That sort of thing aside, however, the only reason why a murder mystery need be predictable in the sense that a Gothic novel is unless the writer wants it to be.  And a lot of mystery writers do write one version or the other of the Completely Predetermined Plot.  But that’s a choice.   The form itself, and most of its subforms, are loose skeletons into which you can and do find a lot of variation. 

And, in case you’re wondering, I tend not to read the Compltely Predetermined stuff.  I have in mind now things like, say, Patricia Wentworth, a writer of country house mysteries in the “golden era” in whose books the murderer was almost always one of the servants.   I got to thinking that this might be a kind of social statement, but not one I wanted to plow through a dozen books to hear over and over again.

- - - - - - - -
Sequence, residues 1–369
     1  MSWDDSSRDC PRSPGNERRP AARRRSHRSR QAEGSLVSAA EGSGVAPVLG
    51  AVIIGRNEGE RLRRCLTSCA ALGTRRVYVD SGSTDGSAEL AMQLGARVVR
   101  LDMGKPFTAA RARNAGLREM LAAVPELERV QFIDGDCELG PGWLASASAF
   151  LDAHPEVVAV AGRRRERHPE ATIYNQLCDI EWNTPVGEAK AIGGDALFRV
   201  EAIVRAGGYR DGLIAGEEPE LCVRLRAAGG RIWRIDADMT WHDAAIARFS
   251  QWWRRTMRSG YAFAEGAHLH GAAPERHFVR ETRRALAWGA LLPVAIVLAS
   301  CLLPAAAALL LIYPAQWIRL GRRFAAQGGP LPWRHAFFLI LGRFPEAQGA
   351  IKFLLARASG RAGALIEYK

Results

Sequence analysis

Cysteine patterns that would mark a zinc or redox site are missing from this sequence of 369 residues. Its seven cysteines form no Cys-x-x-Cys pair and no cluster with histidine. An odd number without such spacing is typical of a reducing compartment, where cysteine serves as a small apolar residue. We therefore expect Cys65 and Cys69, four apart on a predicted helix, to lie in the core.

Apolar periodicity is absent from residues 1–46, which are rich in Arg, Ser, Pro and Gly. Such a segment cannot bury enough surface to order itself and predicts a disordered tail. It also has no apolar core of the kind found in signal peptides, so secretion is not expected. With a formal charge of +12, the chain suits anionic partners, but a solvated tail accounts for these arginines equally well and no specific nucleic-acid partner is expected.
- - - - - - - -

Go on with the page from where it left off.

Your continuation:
The detective may catch the murderer, but that’s not a reason for me to read a book.  It’s no reason at all for me to read it more than once.  There has to be something going on in a book that I did not expect, something new that is being said that I’m interested in listening to, before I’m going to devote a day or two to reading it.  My house is full of books.  I get sent a few more almost every week.  There’s got to be a point.

I  agree with FE in at least one way:  the more I hear from readers, the more it seems to me that what most people want is to hear what they already think is true.  If you think the US military is full of brave and honorable men doing their best to defend civilization, you  read Tom Clancy.  If you think the  US military is full of corrupt assholes for whom civilization is but a thin veneer, you read Ron Kovic.